When you mention the <audience> attribute, are you talking about an EAD 2002 XML import?
If so, then the short answer is: AtoM is not currently configured to do anything with these attributes; they are ignored on import.
The explanation, which might hopefully answer some of your other questions:
The basic ability to hide an archival description from public view is handled by the publication status module. You'll find instructions on changing it on a per-descriptive hierarchy basis here:
This is in fact the answer to your second question - to be able to hide some but not all descriptions from public users, I would recommend using the publication status setting.
There's also a global publication status setting, that determines if new records are by default set to Draft (i.e. hidden from non-logged in users) or Published (i.e. visible to public users). See:
If you need to update the publication status for a bunch of records at once, you can't currently do this via the user interface, but there is a command-line task that might help:
AtoM also does have various other ways of controlling the visibility of elements, including:
Some notes on these modules and their limitations:
The Visible elements are a global setting - they can't currently be configured to control the display of individual fields in each description or descriptive hierarchy. This is one of the main reasons that @audience is ignored on EAD imports - it can be set differently on different fields in the same XML file, and even differently on the same field at different levels in a hierarchical description. AtoM currently has no way of implementing restrictions with this level of granularity. This would require significant development for us to implement, including an overhaul of the existing Permissions module to make it more scalable and performant.
Additionally, when fields are hidden in Visible elements, they are hidden from public users only - it cannot currently be configured on a per-user or per-group basis. Meaning: anyone who has the ability to log in can see them.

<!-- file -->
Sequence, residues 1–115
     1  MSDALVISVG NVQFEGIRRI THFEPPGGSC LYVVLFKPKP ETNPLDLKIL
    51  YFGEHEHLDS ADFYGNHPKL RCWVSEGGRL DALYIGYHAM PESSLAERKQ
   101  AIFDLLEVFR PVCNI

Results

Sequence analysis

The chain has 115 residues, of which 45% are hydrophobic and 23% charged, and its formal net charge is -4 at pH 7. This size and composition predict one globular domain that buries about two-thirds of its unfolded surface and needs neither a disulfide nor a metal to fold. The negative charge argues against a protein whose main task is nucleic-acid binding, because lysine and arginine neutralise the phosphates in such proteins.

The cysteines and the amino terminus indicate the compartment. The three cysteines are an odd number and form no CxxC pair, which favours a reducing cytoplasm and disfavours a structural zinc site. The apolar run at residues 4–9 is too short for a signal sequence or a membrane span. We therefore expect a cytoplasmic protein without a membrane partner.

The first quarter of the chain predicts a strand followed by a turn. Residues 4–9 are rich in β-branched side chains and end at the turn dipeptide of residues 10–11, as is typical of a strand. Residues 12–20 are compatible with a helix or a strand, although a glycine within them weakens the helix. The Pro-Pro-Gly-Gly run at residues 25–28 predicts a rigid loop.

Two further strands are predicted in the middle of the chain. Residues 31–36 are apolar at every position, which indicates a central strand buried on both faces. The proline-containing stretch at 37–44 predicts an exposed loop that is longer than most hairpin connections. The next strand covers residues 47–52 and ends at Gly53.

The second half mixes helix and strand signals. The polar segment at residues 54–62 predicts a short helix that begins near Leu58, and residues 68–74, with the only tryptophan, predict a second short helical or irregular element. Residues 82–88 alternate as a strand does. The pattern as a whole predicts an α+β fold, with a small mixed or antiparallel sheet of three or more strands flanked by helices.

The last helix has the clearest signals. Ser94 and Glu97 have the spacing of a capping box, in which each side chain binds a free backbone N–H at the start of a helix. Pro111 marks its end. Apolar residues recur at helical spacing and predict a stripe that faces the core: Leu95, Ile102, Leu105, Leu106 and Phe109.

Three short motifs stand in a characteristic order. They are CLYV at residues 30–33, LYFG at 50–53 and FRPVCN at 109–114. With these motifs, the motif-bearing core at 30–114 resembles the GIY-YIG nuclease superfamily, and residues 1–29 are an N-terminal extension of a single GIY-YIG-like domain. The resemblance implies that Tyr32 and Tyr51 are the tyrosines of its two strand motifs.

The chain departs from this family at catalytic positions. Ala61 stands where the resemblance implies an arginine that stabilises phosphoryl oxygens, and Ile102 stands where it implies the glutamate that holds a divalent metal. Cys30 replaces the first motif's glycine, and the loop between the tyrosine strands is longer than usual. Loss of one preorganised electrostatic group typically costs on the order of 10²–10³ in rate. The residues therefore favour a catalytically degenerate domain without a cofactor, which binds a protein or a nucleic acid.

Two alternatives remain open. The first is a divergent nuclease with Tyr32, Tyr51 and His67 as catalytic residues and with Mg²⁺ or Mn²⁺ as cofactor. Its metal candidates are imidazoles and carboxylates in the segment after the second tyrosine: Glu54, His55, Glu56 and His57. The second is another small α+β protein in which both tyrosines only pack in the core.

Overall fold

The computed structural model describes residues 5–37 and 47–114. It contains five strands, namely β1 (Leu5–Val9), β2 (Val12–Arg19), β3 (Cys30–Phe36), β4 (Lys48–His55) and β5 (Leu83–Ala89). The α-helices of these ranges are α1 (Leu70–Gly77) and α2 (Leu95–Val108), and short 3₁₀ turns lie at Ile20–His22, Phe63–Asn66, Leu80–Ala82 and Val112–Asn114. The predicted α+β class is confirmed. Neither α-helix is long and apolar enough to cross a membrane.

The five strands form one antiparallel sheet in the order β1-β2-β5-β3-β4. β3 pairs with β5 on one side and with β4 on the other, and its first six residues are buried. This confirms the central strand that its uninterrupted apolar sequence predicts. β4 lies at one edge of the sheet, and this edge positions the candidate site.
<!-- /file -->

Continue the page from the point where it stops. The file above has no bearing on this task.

Finally, when fields are hidden, they are hidden in the public user interface - but currently they are NOT removed from the EAD / DC / MODS / CSV exports, or the finding aids if you've generated one (since it is generated from the EAD XML). The one exception to this is Physical storage information: if you've hidden this via Visible elements, and you've set your Finding aid generation settings to "Generate as public user," then the storage information is excluded from exports and finding aids. We'd love to add similar support for all fields in the Visible elements module, but it will require development - meaning we need community support to be able to implement it.
The Rights module's ability to restrict access to master digital objects and/or their derivatives operates somewhat similarly: the restriction is only enforced for public / unauthenticated users. Meaning you cannot restrict them on a per user/group basis, and anyone who can log in can see your restricted images.
Finally, we come to the permissions module. The first gotcha is that using this module to restrict view access to certain record types for public users (for example, changing the View permissions for authority records in the anonymous group settings to Deny in an attempt to restrict access to authority records) will prevent public users from accessing view pages (i.e. the full authority record), but it will NOT restrict them from searching and browsing authorities, seeing creator names linked to descriptions as creators or name access points, etc.
In contrast, the publication status module on archival descriptions is more comprehensive: if you set a record to Draft, it is also excluded from search and browse results. We would LOVE to add a publication status setting to more entities such as authority records, but again - this will require community support for us to be able to develop and add it to a future public release.
The permissions module also has a number of known performance/scalability issues, so I don't really recommend adding a ton of very granular permissions. I've discussed this in greater depth in the forum previously: